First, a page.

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jāḍya (जाड्य).—n Gravity, weight. Dulness, slug- gishness. Coldness, unconcern, apathy. Heaviness or insolubility (as of an article of food). Heaviness of system occasioned by crudities in the stomach.

context information

Marathi is an Indo-European language having over 70 million native speakers people in (predominantly) Maharashtra India. Marathi, like many other Indo-Aryan languages, evolved from early forms of Prakrit, which itself is a subset of Sanskrit, one of the most ancient languages of the world.

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Sanskrit dictionary

Source: DDSA: The practical Sanskrit-English dictionary

Jāḍya (जाड्य).—[jaḍasya bhāvaḥ ṣyañ]

1) Coldness, frigidity.

2) Apathy, sluggishness, inactivity.

3) Dulness of intellect, folly, stupidity; तज्जाड्यं वसुधाधिपस्य (tajjāḍyaṃ vasudhādhipasya) Bh.2.15; जाड्यं धियो हरति (jāḍyaṃ dhiyo harati) 2.23; जाड्यं ह्रीमति गण्यते (jāḍyaṃ hrīmati gaṇyate) 54.

4) Tastelessness of the tongue.

Derivable forms: jāḍyam (जाड्यम्).

Source: Cologne Digital Sanskrit Dictionaries: Shabda-Sagara Sanskrit-English Dictionary

Jāḍya (जाड्य).—n.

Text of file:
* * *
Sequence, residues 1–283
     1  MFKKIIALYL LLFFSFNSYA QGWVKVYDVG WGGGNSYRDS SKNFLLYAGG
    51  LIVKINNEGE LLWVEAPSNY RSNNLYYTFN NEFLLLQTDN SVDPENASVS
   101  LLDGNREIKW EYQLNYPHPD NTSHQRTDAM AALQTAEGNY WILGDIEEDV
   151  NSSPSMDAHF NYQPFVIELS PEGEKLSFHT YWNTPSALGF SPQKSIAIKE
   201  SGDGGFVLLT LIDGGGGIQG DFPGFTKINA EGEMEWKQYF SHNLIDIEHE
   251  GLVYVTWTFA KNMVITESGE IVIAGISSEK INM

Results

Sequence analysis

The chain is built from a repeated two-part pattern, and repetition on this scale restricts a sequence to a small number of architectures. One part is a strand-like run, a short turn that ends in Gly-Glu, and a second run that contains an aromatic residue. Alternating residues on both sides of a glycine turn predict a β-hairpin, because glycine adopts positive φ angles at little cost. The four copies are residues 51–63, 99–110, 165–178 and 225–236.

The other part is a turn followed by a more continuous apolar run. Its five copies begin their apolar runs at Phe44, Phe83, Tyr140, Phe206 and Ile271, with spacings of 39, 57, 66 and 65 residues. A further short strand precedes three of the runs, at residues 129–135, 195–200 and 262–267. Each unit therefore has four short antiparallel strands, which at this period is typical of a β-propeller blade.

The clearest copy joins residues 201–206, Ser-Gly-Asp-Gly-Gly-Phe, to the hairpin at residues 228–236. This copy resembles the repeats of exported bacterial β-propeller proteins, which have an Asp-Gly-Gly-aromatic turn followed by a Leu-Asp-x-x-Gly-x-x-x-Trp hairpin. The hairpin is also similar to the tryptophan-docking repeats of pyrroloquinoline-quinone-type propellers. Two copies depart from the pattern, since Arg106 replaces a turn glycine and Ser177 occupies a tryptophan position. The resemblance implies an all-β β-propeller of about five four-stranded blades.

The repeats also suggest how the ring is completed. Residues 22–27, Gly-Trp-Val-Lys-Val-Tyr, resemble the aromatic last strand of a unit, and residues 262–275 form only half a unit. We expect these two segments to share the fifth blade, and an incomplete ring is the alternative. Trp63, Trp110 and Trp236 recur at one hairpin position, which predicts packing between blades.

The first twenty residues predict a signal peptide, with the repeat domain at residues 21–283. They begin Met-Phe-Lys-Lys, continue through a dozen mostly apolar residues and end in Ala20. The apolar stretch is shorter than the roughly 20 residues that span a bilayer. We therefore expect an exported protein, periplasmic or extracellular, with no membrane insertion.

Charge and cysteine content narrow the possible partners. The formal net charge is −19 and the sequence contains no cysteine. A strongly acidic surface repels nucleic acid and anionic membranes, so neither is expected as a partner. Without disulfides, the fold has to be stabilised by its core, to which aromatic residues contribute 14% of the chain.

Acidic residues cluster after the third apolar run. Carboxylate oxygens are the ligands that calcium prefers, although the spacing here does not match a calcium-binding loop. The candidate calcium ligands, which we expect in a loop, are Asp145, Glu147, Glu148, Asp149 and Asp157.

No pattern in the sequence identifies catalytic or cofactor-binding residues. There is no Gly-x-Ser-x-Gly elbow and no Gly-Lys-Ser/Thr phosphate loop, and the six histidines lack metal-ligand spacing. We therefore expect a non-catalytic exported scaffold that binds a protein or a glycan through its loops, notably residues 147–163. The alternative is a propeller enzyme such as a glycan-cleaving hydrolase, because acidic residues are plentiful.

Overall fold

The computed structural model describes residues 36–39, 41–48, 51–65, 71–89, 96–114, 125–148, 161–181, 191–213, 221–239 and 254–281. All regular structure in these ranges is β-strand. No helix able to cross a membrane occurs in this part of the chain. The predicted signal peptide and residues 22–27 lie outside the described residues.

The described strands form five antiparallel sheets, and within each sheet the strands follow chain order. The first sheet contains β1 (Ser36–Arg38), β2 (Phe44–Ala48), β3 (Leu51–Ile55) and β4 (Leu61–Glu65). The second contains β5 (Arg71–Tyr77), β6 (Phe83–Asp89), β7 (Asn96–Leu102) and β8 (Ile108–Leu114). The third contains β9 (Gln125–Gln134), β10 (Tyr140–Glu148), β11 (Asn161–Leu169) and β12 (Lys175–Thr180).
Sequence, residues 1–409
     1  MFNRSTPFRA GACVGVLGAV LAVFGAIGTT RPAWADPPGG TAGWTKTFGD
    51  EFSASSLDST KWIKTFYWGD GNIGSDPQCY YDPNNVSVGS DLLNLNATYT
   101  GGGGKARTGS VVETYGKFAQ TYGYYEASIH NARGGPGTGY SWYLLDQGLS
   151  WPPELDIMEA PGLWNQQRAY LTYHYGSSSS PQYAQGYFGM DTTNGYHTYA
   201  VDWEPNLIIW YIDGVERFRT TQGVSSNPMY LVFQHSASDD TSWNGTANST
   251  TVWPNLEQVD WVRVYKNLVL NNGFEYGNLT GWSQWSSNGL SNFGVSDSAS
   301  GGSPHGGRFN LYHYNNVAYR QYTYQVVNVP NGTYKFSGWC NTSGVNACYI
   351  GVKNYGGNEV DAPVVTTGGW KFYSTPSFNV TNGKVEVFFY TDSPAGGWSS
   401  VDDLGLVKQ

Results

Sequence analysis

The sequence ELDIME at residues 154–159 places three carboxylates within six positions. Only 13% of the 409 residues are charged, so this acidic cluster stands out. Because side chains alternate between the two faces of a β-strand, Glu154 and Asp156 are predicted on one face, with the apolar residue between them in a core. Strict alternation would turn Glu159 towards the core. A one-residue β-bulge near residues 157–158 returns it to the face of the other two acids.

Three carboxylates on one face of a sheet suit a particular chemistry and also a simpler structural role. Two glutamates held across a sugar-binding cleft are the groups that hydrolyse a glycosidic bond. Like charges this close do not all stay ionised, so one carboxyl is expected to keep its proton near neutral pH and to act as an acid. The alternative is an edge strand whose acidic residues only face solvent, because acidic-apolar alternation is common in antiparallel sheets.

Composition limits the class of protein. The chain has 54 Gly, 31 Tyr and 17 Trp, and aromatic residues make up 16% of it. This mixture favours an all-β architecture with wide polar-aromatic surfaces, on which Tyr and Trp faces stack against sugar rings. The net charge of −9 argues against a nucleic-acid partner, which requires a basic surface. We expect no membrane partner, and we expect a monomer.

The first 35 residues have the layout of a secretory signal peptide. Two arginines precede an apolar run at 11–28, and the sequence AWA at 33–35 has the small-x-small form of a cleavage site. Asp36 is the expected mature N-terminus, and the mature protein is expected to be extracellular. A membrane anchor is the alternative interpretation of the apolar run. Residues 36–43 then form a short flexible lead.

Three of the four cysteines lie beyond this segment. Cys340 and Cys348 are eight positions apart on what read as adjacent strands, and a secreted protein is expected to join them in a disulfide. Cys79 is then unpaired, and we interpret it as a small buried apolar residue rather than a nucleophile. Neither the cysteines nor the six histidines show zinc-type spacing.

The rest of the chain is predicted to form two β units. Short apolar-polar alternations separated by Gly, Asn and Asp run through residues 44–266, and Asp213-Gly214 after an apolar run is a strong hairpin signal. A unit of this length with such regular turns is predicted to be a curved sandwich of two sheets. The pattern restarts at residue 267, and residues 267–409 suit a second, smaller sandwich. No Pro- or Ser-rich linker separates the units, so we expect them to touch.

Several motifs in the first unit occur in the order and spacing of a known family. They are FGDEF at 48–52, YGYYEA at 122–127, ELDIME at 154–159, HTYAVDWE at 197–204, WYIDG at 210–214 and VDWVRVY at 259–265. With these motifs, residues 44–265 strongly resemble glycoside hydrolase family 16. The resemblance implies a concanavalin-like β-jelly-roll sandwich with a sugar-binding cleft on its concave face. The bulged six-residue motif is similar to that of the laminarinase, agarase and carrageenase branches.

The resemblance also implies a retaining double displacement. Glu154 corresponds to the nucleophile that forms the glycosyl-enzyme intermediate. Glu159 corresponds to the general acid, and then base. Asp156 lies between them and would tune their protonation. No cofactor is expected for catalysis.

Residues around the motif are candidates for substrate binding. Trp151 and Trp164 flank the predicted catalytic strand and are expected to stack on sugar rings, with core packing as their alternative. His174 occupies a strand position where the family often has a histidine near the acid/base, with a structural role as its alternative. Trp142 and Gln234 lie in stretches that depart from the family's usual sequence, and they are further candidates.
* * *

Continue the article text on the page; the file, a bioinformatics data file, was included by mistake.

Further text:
(-ḍyaṃ) 1. Coldness, apathy. 2. Folly, stupidity, dulness or coldness of intellect. 3. Coldness, frigidity. E. jaḍa cold, &c. ṣyañ aff.

Source: Cologne Digital Sanskrit Dictionaries: Benfey Sanskrit-English Dictionary

Jāḍya (जाड्य).—i. e. jaḍa + ya, n. 1. Want of sensation, [Vedāntasāra, (in my Chrestomathy.)] in Chr. 206, 17. 2. Stupidity, [Bhartṛhari, (ed. Bohlen.)] 2, 20.

Source: Cologne Digital Sanskrit Dictionaries: Cappeller Sanskrit-English Dictionary

Jāḍya (जाड्य).—[neuter] coldness, frigidity, stiffness, dulness, stupidity, want of intelligence.

Source: Cologne Digital Sanskrit Dictionaries: Monier-Williams Sanskrit-English Dictionary

1) Jāḍya (जाड्य):—[from jāḍāyana] n. ([gana] dṛḍhādi) coldness, [Horace H. Wilson]

2) [v.s. ...] chilliness, [Kapila’s Sāṃkhya-pravacana i, 85]

3) [v.s. ...] stiffness, inactivity, insensibility, [Suśruta; Pratāparudrīya; Sāhitya-darpaṇa iii, 156]

4) [v.s. ...] absence of power of taste (in the tongue), [Suśruta iv, 24, 12 and 38, 7]

5) [v.s. ...] dulness, stupidity, [Mahābhārata xii, 6487; Harivaṃśa 15815; Pañcatantra] etc.

6) [v.s. ...] absence of intellect or soul, [Vedāntasāra]

Source: Cologne Digital Sanskrit Dictionaries: Yates Sanskrit-English Dictionary

Jāḍya (जाड्य):—(ḍyaṃ) 1. n. Coldness, apathy, stupidity, folly.

Source: DDSA: Paia-sadda-mahannavo; a comprehensive Prakrit Hindi dictionary (S)

Jāḍya (जाड्य) in the Sanskrit language is related to the Prakrit words: Jaḍḍa, Jala.

[Sanskrit to German]

Jadya in German

context information

Sanskrit, also spelled संस्कृतम् (saṃskṛtam), is an ancient language of India commonly seen as the grandmother of the Indo-European language family (even English!). Closely allied with Prakrit and Pali, Sanskrit is more exhaustive in both grammar and terms and has the most extensive collection of literature in the world, greatly surpassing its sister-languages Greek and Latin.